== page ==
Pete Dexter just can’t help himself. He collects stories, and then he tells them. And if he’s not busy telling one of his own, he’s probably listening to someone else’s, plugged into a book on his iPod during daily workouts or the long road trips he often takes. “Well, I’m not in places where I collect stories so much these days--but once in a while I hear a good one, and it kills me to have no place to tell it.”
That frustration really took hold about 10 years ago, when Dexter gave up the acclaimed newspaper column he’d been writing since the ’70s. “I was not warned of the... problem, which, as far as I know, has no name and exists on the periphery somewhere as a feeling of full-udderness,” he wrote in PAPER TRAILS, a 2007 collection of his nonfiction. “Full of juice and no place to shoot it.”
For 25 or 30 years Dexter found no lack of homes for his prodigious output of stories. Besides two or three columns a week, he wrote seven novels (among them the National Book Award-winning PARIS TROUT and the forthcoming comic epic, SPOONER), countless magazine stories, and a steady stream of screenplays. But when all else failed, he turned, on occasion, to the outlet of last resort, and as a longtime friend and periodic colleague of Dexter’s, I thus became the recipient of some of the greatest bleeping voice mails in the history of the medium: the account of his adventures in the adult diaper aisle of an Arizona drugstore, for instance. Or the tale of a newcomer to his Puget Sound island who lived alone, died in his bathtub, and was eaten by his dog. (“In the dog’s defense, she’d only been with him for a month,” Dexter would later write, “and it’s easy to criticize from the sidelines when you’re not hungry yourself.”) I soon realized that what I was hearing in each case was a perfectly shaped comic narrative delivered out loud by a master storyteller--a little squirt from the overfull udder of Pete Dexter.
Although he tends eventually to commit his tales to the written record, his inveterate hunting and gathering of stories puts him squarely in the oral tradition: hear a story, cut and polish and stamp it as your own, then pass it along.
It also helps explain why he’s a habitual listener of books, particularly the novels of Richard Russo and Philip Roth. “NOBODY’S FOOL was a great audiobook, as was STRAIGHT MAN,” he says, “and after reading and then listening to most of Roth, I’m tempted to say the recorded versions are even more enjoyable.”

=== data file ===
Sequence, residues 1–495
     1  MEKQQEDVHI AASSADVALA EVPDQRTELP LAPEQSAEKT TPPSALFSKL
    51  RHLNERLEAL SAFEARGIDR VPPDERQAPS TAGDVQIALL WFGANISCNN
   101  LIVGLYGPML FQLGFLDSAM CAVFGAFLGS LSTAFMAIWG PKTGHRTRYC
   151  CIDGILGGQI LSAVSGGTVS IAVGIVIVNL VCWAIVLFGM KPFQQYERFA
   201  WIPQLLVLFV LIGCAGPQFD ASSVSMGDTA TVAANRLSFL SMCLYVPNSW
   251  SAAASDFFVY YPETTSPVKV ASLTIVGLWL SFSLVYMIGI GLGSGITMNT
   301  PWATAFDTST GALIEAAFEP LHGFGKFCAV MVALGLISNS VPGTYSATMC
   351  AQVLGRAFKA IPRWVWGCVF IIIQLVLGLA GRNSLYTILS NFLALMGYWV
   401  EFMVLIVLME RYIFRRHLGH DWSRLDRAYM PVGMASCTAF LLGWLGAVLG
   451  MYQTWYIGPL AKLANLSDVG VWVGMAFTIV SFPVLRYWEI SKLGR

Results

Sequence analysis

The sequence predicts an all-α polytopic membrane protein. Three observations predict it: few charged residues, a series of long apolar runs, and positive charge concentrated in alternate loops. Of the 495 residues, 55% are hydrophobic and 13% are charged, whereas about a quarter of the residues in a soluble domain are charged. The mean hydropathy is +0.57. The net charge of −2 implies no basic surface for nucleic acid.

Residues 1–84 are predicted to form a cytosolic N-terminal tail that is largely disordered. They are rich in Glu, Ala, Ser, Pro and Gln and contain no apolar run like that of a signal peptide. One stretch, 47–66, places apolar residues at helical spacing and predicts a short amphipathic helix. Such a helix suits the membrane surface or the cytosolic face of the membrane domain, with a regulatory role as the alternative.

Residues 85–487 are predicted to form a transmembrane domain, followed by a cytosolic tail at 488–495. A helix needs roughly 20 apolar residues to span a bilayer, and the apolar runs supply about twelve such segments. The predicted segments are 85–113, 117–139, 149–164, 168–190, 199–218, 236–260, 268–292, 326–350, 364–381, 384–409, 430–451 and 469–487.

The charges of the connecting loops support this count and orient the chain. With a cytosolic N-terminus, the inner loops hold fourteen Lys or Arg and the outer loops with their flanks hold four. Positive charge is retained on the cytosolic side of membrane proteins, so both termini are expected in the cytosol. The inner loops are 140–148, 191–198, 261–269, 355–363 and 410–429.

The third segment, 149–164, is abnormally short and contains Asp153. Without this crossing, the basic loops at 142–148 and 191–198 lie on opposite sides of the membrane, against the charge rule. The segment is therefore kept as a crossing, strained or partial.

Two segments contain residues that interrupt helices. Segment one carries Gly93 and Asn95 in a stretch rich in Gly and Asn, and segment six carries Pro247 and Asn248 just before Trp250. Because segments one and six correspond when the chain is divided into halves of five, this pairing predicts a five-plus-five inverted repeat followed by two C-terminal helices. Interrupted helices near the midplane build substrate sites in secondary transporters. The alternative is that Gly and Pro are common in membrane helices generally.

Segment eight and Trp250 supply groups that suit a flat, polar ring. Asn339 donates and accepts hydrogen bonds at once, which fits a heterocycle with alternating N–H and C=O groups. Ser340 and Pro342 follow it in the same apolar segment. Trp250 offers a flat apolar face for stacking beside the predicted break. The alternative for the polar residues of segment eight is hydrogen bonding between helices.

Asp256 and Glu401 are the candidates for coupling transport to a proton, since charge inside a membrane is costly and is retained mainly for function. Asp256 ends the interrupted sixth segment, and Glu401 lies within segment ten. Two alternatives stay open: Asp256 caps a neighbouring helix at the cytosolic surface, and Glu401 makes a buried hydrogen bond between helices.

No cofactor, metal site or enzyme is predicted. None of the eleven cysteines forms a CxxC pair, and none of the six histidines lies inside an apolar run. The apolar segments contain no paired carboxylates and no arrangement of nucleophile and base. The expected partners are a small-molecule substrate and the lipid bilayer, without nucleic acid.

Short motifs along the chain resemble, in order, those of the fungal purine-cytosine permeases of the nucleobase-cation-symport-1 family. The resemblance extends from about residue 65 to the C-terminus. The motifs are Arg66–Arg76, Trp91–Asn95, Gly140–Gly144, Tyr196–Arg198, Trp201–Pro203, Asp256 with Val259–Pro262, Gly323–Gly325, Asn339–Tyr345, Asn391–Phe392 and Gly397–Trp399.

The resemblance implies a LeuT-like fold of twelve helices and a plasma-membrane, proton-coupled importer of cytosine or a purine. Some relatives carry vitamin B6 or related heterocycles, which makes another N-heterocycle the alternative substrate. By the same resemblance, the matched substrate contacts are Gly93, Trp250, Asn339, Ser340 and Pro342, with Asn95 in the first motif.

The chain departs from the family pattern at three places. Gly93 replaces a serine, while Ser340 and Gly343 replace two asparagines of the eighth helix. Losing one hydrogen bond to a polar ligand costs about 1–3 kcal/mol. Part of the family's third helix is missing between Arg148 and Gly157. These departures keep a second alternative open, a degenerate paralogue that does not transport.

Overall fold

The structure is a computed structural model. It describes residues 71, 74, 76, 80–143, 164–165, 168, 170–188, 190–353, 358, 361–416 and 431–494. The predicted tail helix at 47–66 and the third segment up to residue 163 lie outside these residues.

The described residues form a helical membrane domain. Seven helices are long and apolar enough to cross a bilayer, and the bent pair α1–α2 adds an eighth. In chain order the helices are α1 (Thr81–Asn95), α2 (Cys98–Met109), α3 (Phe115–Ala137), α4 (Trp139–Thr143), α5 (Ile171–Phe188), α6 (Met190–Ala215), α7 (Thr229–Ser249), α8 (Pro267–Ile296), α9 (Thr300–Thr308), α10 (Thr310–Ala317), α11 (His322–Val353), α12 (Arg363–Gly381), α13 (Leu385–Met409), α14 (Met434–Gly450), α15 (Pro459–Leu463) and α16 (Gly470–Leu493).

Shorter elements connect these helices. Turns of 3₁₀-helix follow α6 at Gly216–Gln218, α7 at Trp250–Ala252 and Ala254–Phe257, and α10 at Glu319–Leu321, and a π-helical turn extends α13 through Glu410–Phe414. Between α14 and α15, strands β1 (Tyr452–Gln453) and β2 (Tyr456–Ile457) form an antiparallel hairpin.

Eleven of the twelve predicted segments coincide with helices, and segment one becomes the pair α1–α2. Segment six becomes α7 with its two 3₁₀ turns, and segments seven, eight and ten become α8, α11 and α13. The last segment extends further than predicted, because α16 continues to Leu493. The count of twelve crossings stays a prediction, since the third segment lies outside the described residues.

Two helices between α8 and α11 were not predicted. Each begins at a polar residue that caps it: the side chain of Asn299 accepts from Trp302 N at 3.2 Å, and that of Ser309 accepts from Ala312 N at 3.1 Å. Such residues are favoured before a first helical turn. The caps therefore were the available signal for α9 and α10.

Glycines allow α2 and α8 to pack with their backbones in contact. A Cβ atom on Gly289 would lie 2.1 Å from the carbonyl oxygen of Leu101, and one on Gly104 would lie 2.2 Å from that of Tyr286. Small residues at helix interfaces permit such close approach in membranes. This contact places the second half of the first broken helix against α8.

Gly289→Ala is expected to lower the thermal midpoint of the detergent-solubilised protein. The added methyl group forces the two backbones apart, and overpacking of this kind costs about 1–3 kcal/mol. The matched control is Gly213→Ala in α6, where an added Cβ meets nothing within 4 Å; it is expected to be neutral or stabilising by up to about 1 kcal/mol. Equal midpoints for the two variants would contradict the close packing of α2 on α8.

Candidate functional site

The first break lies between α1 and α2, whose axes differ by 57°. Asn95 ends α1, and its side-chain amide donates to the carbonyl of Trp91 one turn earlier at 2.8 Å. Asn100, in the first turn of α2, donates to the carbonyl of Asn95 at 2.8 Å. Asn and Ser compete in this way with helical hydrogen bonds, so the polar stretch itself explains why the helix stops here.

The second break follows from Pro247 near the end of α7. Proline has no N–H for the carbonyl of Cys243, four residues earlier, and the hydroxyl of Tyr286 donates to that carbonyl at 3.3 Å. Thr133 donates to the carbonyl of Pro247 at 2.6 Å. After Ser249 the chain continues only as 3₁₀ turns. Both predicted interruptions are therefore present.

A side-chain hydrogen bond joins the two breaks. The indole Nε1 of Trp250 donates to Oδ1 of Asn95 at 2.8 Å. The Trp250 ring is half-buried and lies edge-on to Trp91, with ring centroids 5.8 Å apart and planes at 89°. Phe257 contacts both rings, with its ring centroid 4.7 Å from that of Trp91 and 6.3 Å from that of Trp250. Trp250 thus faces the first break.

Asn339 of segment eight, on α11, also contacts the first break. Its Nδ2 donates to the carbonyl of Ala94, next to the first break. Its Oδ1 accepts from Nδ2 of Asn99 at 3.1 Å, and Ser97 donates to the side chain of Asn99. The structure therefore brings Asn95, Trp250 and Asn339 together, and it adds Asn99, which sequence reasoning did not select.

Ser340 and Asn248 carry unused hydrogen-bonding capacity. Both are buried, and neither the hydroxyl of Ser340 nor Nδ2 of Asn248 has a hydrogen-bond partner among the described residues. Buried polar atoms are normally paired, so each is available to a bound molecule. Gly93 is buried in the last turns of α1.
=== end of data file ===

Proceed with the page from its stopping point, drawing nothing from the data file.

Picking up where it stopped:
Dexter’s ear and aim have never been sharper than they are in SPOONER, the story of a confounding lifelong relationship between a man and his stepson, the title character, who bears a striking resemblance to the author. SPOONER is full of the perfectly wrought prose his admirers have come to expect from Dexter, but it is also brimming with the outrageous humor that has always been a hallmark of Dexter the journalist, and of the man himself.
“You know, everybody says my stuff is always so dark, and I didn’t set out to change anyone’s opinion. But I was trying--not consciously, maybe--to write a little lighter. At the same time, you don’t want to sacrifice anything in the quality of the sentences. I was deadly serious about wanting every sentence, every paragraph, in SPOONER to be as well written as anything I ever wrote in a more ‘serious’ novel.”
Laughing out loud all the way through SPOONER, one might be tempted to think it was actually fun to write. “Oh, it wasn’t any fun, I can tell you that,” Dexter says. “I’ve always shied away from the idea that writing is fun. But in the last year or so that I had with this book, I have to admit that I kind of looked forward to getting down to it every day. I’ve never been able to say that before.”--Rob Fleder
© AudioFile 2009, Portland, Maine
Photo © Casey Dexter-Heske
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